How do you know you’re OK with your 401K?

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Ted Sullivan
Monday, December 7, 2009
— If you want to quit working someday, you need a retirement plan.

But many people are getting laid off or starting new jobs in the midst of the country’s economic crisis.

So what should you do with the money in your 401k plan?

When you retire or change jobs, you have several options.

You can put your money in an IRA, roll your money into your new employer’s plan or keep it where it is.

You also could withdraw the money, but you’ll likely pay an early-withdrawal penalty and pay taxes on the income.

Fidelity Investments offers the following tips:


Move your 401k money to an IRA if you want:

-- A more complete view of your financial picture.

-- Freedom from restrictions that may be present in your employer’s plan.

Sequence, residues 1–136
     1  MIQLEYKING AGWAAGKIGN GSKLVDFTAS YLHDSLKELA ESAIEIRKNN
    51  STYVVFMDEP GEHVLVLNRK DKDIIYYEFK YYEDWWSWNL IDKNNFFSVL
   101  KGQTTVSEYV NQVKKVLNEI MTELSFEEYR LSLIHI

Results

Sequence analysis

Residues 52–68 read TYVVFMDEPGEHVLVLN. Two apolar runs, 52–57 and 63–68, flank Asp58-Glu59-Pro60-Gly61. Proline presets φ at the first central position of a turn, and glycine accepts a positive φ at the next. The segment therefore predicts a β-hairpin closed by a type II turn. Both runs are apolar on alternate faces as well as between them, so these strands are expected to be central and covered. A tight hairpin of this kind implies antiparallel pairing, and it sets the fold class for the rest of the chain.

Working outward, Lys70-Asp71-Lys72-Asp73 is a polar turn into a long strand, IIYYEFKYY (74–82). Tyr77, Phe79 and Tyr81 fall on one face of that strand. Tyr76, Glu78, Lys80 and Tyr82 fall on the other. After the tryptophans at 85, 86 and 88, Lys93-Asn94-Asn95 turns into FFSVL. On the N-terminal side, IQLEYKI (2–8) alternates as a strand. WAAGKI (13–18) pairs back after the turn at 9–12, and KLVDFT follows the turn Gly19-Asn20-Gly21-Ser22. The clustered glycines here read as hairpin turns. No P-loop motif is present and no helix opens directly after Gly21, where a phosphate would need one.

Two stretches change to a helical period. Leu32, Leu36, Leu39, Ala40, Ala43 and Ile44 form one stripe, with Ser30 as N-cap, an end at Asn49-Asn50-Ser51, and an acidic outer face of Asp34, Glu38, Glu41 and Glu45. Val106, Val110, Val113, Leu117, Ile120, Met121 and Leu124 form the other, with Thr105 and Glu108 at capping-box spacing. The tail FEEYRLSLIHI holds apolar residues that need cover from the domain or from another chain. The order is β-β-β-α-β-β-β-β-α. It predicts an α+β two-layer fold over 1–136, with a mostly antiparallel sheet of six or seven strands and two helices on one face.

-- Access to a range of mutual funds, stocks, bonds, CDs and other investments.

-- The ability to withdraw money for your first home or for education expenses without penalties.

-- More flexible distribution options for beneficiaries.


Put your 401k money in your new employer’s 401k plan if you:

-- Need additional asset protection from creditors.

-- Need a loan from this plan and your employer allows it.

-- Are over age 70½ and want to defer your required distributions.

-- Use custom investment options or managed money services in your plan and those benefits outweigh the benefits of an IRA.

Leave it

Keep your money in your former employer’s plan if you:

-- Stopped working for that employer between age 55 and 59½ and need to withdraw money for an immediate need and don’t want to pay an early withdrawal penalty.

-- Have custom investment options or managed money services in your plan and the benefits of those outweigh the benefits of an IRA.

Last updated: 12:14 pm Thursday, December 13, 2012

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